Our results show that networks trained to regress to the ground truth targets for labeled data and to simultaneously learn to rank unlabeled data obtain significantly better, state-of-the-art results for both IQA and crowd counting.
Most of the proposed person re-identification algorithms conduct supervised training and testing on single labeled datasets with small size, so directly deploying these trained models to a large-scale real-world camera network may lead to poor performance due to underfitting.
As a result, we obtain a new ranking loss function which is an arbitrarily accurate approximation to the evaluation metric, thus closing the gap between the training and the evaluation of LTR models.
In learning to rank, one is interested in optimising the global ordering of a list of items according to their utility for users. Popular approaches learn a scoring function that scores items individually (i. e. without the context of other items in the list) by optimising a pointwise, pairwise or listwise loss.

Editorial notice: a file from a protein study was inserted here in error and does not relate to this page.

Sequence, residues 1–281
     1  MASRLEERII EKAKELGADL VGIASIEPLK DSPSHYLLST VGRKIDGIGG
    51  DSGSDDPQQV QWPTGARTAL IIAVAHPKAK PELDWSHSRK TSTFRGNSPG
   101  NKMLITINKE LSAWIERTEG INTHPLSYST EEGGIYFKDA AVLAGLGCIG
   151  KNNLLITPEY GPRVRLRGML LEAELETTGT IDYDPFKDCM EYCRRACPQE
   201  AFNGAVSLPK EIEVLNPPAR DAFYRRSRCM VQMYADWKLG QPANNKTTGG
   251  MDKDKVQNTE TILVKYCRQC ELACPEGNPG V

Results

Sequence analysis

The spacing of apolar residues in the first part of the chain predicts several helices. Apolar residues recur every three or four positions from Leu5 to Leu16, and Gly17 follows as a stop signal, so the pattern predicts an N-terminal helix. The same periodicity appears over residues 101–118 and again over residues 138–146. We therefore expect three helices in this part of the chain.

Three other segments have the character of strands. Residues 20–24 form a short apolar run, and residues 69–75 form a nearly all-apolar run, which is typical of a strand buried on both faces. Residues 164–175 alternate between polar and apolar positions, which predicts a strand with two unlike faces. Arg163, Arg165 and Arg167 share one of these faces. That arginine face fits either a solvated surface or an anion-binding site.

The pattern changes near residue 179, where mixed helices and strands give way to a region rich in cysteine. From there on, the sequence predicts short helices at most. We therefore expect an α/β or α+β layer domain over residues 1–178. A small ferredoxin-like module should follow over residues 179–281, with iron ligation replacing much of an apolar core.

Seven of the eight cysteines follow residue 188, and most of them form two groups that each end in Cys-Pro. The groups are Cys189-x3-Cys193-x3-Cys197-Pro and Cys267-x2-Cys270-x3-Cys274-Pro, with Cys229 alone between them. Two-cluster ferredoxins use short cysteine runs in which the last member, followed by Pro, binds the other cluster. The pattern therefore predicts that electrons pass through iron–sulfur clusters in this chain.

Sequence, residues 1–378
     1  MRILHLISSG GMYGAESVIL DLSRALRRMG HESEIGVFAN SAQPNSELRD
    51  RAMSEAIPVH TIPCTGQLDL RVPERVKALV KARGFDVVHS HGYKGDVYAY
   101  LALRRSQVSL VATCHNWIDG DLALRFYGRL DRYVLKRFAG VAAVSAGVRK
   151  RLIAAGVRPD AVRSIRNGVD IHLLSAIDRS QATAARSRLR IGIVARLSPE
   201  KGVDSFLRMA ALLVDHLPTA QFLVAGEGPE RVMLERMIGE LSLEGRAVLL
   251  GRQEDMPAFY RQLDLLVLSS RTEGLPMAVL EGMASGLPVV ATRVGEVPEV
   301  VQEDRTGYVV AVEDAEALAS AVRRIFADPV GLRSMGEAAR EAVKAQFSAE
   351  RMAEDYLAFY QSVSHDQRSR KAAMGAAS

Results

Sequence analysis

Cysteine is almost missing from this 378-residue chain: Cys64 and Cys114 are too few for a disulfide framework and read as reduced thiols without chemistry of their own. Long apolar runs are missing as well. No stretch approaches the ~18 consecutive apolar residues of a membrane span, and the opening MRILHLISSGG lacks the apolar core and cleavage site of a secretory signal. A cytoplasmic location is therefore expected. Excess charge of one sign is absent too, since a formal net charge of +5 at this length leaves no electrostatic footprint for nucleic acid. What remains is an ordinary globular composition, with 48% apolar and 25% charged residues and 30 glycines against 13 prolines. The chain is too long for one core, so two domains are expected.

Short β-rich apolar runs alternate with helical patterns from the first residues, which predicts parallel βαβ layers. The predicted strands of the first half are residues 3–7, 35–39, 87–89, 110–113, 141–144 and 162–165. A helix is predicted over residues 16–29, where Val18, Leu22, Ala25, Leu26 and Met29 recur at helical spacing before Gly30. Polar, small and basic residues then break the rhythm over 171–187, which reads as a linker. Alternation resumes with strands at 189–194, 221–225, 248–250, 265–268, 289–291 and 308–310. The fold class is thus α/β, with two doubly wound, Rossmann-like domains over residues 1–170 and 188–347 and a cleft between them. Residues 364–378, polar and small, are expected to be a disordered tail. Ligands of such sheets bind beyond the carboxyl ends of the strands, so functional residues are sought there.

In this work, we propose PT-Ranking, an open-source project based on PyTorch for developing and evaluating learning-to-rank methods using deep neural networks as the basis to construct a scoring function.
Although click data is widely used in search systems in practice, so far the inherent bias, most notably position bias, has prevented it from being used in training of a ranker for search, i. e., learning-to-rank.
Given a query and a set of documents, K-NRM uses a translation matrix that models word-level similarities via word embeddings, a new kernel-pooling technique that uses kernels to extract multi-level soft match features, and a learning-to-rank layer that combines those features into the final ranking score.
In learning-to-rank for information retrieval, a ranking model is automatically learned from the data and then utilized to rank the sets of retrieved documents.